We played match play and Levi asked for five strokes. I was quite happy to oblige, since our match the day before, having given him four, ended on the twelfth hole. It was a rout. And, let's face it, no one enjoys a match that isn't close. Unfortunately, I again started out winning the first three holes and thought, "Here we go again."
Fortunately, Levi rallied and I ended up just one up after ten. But on number ten two things happened that turned things around. First, my back went from just hurting, to spasming. And secondly, I showed Levi what I was doing to play while half crippled. I was taking the club back to only about waist high, like Moe Norman. Then I was finishing my swing in the follow-through at between knee and waist high. Essentially, I was hitting straight down the target line until both arms were fully extended through the ball and then just stopping.
The fact that I had just birdied nine, hitting it to less than a foot from 170 yards, seemed to pique Levi's interest. So, he tried fully extending down the target line until his arms were fully extended and just allowing momentum to take him to the finish instead of consciously turning his shoulders through impact and coming over the top and across the ball as he had been doing. The change was dramatic. He started driving it much straighter. He was hitting better irons into the greens. If it wasn't for some les-than-stellar chipping and putting on his part, I'd have been up Schitz Creek.
At the thirteenth, Levi almost holed out for an ace and went one up. We were having a match, and the knot had definitely gone out of Levi's face. He was smelling blood. Unfortunately for Levi, however, he skulled a chip on fifteen to lose the hole and get us back to all square. Then he drove it behind some trees on the left of seventeen after I had first driven it right and had tree troubles of my own.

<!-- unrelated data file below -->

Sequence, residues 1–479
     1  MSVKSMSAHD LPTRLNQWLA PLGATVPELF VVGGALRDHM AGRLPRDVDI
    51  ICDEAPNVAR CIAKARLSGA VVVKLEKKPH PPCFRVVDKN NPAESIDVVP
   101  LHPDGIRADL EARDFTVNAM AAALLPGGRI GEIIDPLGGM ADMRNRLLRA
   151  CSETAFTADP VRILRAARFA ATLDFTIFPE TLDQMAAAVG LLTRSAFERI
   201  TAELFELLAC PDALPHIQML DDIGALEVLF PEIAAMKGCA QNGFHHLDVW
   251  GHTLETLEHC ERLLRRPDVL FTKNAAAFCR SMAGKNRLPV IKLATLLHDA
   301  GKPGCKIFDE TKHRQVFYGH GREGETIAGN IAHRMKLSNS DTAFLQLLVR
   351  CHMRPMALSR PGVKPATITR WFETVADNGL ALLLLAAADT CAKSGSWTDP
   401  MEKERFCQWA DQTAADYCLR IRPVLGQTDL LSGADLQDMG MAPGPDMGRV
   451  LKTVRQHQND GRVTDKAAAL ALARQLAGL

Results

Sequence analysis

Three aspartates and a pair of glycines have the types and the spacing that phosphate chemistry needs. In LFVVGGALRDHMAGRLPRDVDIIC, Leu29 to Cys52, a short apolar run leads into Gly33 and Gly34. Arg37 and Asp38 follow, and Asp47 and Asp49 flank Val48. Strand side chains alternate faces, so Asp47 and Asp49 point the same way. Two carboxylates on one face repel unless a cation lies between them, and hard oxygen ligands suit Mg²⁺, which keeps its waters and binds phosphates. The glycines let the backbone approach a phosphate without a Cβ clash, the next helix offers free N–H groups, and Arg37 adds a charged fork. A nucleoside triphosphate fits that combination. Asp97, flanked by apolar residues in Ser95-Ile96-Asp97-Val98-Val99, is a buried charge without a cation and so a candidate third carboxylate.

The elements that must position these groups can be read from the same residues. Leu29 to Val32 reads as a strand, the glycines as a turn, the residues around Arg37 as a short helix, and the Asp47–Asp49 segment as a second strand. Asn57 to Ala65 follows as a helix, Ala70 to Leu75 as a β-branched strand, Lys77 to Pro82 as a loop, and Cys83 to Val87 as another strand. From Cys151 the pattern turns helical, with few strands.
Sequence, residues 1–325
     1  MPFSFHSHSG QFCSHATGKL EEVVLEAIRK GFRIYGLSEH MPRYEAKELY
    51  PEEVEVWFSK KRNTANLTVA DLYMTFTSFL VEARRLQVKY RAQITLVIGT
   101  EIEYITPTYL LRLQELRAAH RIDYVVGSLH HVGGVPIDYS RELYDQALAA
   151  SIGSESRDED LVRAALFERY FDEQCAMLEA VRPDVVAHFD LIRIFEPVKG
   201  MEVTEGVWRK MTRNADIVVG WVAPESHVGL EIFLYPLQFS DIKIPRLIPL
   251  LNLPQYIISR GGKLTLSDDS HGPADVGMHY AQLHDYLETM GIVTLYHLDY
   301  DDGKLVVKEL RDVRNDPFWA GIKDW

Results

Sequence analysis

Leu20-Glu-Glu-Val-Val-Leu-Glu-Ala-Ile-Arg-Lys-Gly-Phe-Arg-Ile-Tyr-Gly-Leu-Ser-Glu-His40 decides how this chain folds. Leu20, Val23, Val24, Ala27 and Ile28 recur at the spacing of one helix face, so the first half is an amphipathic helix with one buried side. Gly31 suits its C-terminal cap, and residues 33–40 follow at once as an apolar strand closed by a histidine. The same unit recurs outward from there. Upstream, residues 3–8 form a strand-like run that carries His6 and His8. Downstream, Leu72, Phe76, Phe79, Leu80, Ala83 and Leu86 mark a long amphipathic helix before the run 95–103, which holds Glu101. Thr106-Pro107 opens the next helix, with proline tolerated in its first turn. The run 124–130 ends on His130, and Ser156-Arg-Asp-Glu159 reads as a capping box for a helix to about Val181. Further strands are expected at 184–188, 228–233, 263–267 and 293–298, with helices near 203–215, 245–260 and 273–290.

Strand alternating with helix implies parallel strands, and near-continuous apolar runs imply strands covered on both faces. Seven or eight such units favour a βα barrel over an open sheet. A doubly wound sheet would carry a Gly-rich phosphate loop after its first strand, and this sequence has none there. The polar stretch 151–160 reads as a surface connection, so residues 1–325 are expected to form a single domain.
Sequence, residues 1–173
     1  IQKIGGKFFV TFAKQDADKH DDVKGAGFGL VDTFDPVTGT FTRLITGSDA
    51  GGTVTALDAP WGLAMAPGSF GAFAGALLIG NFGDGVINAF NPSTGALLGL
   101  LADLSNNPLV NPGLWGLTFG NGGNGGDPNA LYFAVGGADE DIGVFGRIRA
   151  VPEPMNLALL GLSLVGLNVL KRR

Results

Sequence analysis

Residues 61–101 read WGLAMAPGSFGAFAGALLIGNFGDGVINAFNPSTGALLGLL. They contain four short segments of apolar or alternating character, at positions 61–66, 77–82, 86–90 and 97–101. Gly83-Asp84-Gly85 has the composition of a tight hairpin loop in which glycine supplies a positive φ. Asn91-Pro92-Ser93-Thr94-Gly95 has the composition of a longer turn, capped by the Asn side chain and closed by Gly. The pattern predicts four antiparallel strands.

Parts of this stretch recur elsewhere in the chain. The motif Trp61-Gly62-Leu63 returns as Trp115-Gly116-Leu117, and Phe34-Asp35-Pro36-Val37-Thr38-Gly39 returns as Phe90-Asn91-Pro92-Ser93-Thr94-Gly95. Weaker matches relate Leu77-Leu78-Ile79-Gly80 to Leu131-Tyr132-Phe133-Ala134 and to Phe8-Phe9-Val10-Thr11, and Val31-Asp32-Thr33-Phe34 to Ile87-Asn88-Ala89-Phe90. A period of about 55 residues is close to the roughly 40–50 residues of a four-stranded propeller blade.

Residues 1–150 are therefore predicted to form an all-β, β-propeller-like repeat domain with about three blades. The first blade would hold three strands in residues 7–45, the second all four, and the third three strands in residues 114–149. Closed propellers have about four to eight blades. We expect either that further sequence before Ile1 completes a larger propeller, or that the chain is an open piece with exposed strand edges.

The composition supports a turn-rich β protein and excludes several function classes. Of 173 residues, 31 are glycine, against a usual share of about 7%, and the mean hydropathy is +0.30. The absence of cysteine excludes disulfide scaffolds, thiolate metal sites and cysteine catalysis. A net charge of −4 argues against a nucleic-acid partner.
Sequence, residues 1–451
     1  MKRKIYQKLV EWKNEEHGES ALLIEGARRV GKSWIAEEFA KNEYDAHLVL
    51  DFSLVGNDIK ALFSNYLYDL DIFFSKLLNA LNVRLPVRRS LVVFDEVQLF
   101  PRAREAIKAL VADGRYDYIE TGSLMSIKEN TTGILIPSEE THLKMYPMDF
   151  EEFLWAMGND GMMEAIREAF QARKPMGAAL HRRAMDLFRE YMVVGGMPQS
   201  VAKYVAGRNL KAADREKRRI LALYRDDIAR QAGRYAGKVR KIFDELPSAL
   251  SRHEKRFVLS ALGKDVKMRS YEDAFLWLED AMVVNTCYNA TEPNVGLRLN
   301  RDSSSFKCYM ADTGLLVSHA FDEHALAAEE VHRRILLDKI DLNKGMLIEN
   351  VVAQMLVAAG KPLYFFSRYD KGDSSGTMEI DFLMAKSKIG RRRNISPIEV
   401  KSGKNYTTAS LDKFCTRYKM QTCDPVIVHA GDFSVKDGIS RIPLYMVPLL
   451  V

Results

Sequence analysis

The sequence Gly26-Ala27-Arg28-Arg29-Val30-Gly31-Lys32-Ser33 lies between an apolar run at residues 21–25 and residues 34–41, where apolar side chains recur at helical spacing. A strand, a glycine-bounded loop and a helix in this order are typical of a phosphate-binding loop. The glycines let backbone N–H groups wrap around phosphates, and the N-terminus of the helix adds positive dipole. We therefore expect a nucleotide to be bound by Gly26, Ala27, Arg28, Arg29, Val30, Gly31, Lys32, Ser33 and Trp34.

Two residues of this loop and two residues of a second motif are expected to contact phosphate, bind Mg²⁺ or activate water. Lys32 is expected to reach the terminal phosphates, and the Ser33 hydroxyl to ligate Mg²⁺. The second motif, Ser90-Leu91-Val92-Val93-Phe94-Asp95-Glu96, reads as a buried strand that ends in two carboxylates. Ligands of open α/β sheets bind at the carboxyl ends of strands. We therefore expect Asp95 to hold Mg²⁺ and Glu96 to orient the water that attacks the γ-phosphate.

Levi tried to hit it through the trees directly at the green and failed, leaving himself a fifty yard pitch to the green. Trees are not, contrary to some people's opinion, ninety percent air. I, on the other hand, had been faced with a shot of just over 200 yards which required about a thirty yard cut to narrowly miss a thick cedar tree of my own. I was at the base of another tree and made a swing something like young Sergio did when he was chasing down Tiger at that Major way back when. I even walked through the swing like he did; but I didn't close my eyes and I certainly wasn't doing any running or jumping to follow the shot like El Nino.
I couldn't see the shot finish, but knew I'd cut it enough to get around the tree and have it heading towards the green. As it turned out, I ended up about ten yards short and right of the green. I'd managed to over-cut it, which impressed me because the ball had been above my feet in what was a hook lie. Levi, who was across the fairway when I hit the shot, seemed to be not nearly as thrilled as I was. But I guess he had other things on his mind--like getting his shot through the trees and finally managing to beat my sorry ass.
In any event, I managed to get it up and down for a par and Levi didn't; giving me a one up lead with one to play. Levi was not a happy camper. We both left our approaches short of the green on the par three eighteenth and Levi chipped his to about six feet. I managed to pitch mine to about three feet and Levi conceded the match.
Now there are two morals to this rather long and drawn-out story in my mind. Well, perhaps there are three things worth considering. Firstly, there is nothing more fun that hitting a good recovery shot at the right time; especially in match play. Secondly, good chipping and pitching drives your opponent crazy in match play. And finally, as Sam Snead said, "You should never concede the putt that beats you."
Levi just waved at his six footer on eighteen, after conceding the match. Had he holed that six footer, I might have easily missed my three footer. The result might have just as easily been a halved match. You should never give up in this game. As a wise man once said,"It ain't over 'til it's over."